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Creosote answer offered
A device designed to remove creosote-treated pilings from water and land caught the attention of state legislators and the Army Corps of Engineers Thursday when its South Whidbey inventor demonstrated it in model form at a press conference.
Saying his invention could be a big part of removing toxic logs and pilings from Puget Sound, Tony Franz told the dozen people at the press conference at Freeland's Trinity Lutheran Church his piling extractor could be ready for use by early next year. A vocal environmentalist who has spent the past six months trying to attract attention to the creosote-treated wood that has washed ashore all around Whidbey Island, Franz said he wants the state to use his invention to remove all creosote-treated pilings from Puget Sound.
In July, Franz and a number of like-minded friends attached hundreds of red balloons to creosote-covered logs at Lake Hancock to draw attention to the huge amount of the material in the off-limits wildlife preserve. Pictures of the site, and of several other beaches around the island inundated by creosoted wood were on display at Thursday's press conference.
The pictures were enough to convince Rep. Kelly Barlean, R-Langley, that something needs to be done.
"This is clearly a huge problem," he said.
Using his own experiences with creosote to illustrate his talk, Franz said the chemical is killing aquatic life and could be doing damage to humans. A recreational diver, he said he has noticed a large fish and plant killoff in Lake Hancock over the years. He also said he has been poisoned by creosote. During the days he spent marking the wood at Lake Hancock, he began suffering headaches. Later, incessant vomiting and other illnesses sent him to the hospital.
Howard Garett, a member of the Orca Conservancy who attended the press conference, was not surprised. He said the chemicals in creosote -- polycyclic aromatic hydrocarbons -- are probably responsible for deaths from the bottom to the top of the aquatic food chain.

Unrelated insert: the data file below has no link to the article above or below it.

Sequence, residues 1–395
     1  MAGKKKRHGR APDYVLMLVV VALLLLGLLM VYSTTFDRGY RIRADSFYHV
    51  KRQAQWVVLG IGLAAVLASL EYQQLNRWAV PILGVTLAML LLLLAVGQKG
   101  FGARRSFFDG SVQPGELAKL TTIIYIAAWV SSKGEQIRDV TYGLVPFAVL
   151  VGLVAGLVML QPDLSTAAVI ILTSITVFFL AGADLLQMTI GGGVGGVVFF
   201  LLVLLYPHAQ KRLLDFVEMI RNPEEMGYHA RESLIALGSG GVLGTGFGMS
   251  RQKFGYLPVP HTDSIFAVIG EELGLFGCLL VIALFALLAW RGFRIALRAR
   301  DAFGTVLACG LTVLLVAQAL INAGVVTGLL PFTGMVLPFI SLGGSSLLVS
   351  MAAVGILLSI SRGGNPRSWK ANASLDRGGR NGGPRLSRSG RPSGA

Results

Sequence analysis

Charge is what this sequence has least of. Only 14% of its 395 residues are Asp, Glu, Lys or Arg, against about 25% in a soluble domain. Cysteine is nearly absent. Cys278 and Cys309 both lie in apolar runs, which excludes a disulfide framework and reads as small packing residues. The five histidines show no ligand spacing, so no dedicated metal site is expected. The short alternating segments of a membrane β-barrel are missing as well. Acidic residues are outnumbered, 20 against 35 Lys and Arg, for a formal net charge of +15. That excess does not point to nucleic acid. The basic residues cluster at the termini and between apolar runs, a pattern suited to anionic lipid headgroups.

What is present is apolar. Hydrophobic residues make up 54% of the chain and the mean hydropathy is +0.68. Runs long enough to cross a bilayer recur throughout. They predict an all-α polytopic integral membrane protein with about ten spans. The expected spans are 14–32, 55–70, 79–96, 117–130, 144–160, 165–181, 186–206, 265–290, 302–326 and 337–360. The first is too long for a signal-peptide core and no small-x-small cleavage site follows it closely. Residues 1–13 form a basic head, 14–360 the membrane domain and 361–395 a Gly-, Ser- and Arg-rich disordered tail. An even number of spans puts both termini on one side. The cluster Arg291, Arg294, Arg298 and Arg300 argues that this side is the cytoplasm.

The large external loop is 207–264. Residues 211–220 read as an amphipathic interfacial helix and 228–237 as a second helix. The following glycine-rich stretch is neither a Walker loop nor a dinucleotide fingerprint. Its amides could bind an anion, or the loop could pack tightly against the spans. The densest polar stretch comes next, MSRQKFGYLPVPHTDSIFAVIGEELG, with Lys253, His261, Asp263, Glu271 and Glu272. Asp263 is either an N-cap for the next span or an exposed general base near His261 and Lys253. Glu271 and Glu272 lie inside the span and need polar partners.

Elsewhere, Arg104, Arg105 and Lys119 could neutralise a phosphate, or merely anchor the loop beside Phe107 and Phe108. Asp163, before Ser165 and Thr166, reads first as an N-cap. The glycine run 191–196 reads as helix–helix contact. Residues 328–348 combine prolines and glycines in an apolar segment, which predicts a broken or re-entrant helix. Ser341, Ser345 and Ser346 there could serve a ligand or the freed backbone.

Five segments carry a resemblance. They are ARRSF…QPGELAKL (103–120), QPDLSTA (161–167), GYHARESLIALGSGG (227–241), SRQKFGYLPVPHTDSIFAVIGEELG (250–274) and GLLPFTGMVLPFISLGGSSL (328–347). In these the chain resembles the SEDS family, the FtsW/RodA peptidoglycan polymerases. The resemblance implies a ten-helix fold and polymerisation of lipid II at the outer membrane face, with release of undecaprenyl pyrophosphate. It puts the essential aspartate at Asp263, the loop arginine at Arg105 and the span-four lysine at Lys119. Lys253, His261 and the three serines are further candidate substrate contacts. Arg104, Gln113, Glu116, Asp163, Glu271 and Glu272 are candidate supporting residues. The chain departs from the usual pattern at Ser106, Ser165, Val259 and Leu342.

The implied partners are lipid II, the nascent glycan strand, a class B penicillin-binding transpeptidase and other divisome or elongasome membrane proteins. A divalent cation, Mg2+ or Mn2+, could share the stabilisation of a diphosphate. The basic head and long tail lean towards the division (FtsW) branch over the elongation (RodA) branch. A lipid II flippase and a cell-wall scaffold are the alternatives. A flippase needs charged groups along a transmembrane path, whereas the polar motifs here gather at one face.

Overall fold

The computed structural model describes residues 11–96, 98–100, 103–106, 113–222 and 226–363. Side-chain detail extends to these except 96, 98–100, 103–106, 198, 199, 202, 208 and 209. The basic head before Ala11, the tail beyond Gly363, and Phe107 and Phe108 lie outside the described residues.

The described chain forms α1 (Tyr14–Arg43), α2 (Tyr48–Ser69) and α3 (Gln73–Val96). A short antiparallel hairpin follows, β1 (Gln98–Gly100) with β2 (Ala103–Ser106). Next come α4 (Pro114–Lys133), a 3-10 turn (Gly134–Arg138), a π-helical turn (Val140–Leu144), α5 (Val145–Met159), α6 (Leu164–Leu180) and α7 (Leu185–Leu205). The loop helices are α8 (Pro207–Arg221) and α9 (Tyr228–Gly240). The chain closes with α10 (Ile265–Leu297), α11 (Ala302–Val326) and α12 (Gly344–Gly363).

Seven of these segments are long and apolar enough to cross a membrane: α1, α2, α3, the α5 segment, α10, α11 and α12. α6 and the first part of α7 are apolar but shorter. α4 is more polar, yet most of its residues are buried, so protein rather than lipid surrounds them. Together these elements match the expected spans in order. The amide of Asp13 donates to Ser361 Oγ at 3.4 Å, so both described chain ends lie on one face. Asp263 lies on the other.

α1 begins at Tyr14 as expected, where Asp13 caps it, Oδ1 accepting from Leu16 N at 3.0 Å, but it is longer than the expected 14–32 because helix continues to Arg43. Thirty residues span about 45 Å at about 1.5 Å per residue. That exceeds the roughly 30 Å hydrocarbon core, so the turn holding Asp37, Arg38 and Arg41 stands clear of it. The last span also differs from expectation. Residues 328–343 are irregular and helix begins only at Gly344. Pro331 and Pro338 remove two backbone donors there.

"They're consistent organic toxins that do not metabolize," he said.
Franz said he believes his invention can stop damage creosote-treated logs and pilings can cause. Designed to work in conjunction with a commercially-available vibratory hammer built by Seattle's American Piledriving Equipment Inc., the device should both extract pilings and remove all the contaminated material around it. Essentially a large metal cylinder with a trap door at its base, it can -- according to Franz -- remove both intact pilings and brittle, rotted pilings. As pilings are pulled from the water or from land, the device backfills the hole with clean sand or soil.
Vic Yoshino, an emergency operations specialist from the Army Corps of Engineers, said Franz's device shows promise. The Corps already has a program to remove debris such as creosoted logs from Washington waterways. Having a working model of Franz's device could reduce the amount of debris from Puget Sound and fullfill the Corps' goal of improving water quality.
"It's becoming more and more important to pay attention to water quality," said Yoshino during Thursday's event.
According to Franz, the creosoted wood that washes onto Washington shores often originates from construction jobs where contractors let old pilings and wood float away.
Franz said he will be meeting with company officials at American Piledriving next week to discuss the design and production of his device. Richard Ploss, a friend of Franz's who works as a naval engineer, said he is confident the design will work.
Others attending the press conference included Sen. Mary Margaret Haugen (D-Camano) and Rich Johnson, a biologist from the state Department of Fish and Wildlife.